As Lelia and David head out for another date, Tony arrives at the door looking for her. He is disappointed to see her already dating another man, and she walks past him, but Hugh also arrives and they get into an argument over Lelia. A beaten up and more sanguine Ben becomes the arbiter and calms the situation down. Hugh discovers he has a good booking in Chicago and leaves. Ben is the last sibling to leave the apartment and heads down the street. Destination unknown.



The idea for the film came from a classroom exercise. With acting coach Burt Lane (later the father of Diane Lane), Cassavetes was conducting classes for aspiring actors at the Variety Arts Theatre in Manhattan's off-Broadway Union Square neighborhood, the classes listed as "The Cassavetes-Lane Drama Workshop"; this was Cassavetes' attempt to counter the adherents of method acting who controlled much of New York theatre and film.[3] A particular exercise became the core of the film: A young African-American woman who was very light-skinned dated a young white man, but he was repulsed when he discovered she had a black brother. Cassavetes determined to put the scene on film, so he began looking for funding. While ostensibly promoting the film Edge of the City on Jean Shepherd's Night People radio show on WOR in February 1957, Cassavetes said he could make a better film than could director Martin Ritt. He pitched the drama workshop idea to Shepherd's radio audience. Cassavetes was surprised when listeners sent about $2,000 to start the project.[1][4] Money also came from Cassavetes' friends, including Hedda Hopper, William Wyler, Joshua Logan, Robert Rossen, José Quintero, and Cassavetes' agent Charlie Feldman.[5] Cassavetes hired German cinematographer Erich Kollmar as cameraman, the only crew member except Cassavetes with any experience in film.[6]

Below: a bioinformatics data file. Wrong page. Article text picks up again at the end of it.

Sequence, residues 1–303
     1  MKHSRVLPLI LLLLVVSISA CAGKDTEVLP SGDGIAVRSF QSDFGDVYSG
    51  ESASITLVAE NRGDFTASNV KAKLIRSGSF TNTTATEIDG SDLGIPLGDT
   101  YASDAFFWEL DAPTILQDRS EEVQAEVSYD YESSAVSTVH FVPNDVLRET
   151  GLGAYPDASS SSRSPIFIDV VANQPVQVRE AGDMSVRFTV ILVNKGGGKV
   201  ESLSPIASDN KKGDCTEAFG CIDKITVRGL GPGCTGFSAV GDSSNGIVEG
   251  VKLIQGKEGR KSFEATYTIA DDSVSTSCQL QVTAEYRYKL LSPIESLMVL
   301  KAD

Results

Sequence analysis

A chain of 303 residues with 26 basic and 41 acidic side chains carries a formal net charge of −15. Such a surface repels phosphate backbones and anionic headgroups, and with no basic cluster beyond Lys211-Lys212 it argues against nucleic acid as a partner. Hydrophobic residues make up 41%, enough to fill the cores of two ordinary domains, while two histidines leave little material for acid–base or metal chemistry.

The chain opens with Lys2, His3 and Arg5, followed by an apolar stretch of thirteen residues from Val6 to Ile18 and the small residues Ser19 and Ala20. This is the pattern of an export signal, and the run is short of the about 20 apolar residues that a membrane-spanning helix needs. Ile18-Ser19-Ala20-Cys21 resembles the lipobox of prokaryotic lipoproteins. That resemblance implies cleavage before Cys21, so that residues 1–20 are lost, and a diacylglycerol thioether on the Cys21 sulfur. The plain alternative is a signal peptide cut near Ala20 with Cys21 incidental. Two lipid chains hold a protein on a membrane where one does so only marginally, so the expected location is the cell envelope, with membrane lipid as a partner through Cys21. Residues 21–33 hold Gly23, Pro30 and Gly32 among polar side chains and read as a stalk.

Using student actors from the Cassavetes-Lane Drama Workshop, shooting started in February 1957 in a largely improvised form. Cassavetes composed an outline for the film, but not a script. Cassavetes and assistant director/producer Maurice McEndree gave detailed instructions to the actors, constraining the situation to guide the story, with the words and the movements improvised by the actors. Cassavetes intended the story to evolve from the characters rather than vice versa. Three initial weeks of work was thrown out, the first week because of technical problems with quality, and the next two weeks because Cassavetes felt that the actors were talking too much. After they had developed their characters to the point at which they could portray emotion in silence, the actors improvised with more clarity and with a level of truth that Cassavetes found revealing. He was a demanding director who required a critical romantic scene to be performed more than 50 times before he was satisfied with the results. About 30 hours of film was exposed during several months of off-and-on shooting.[7]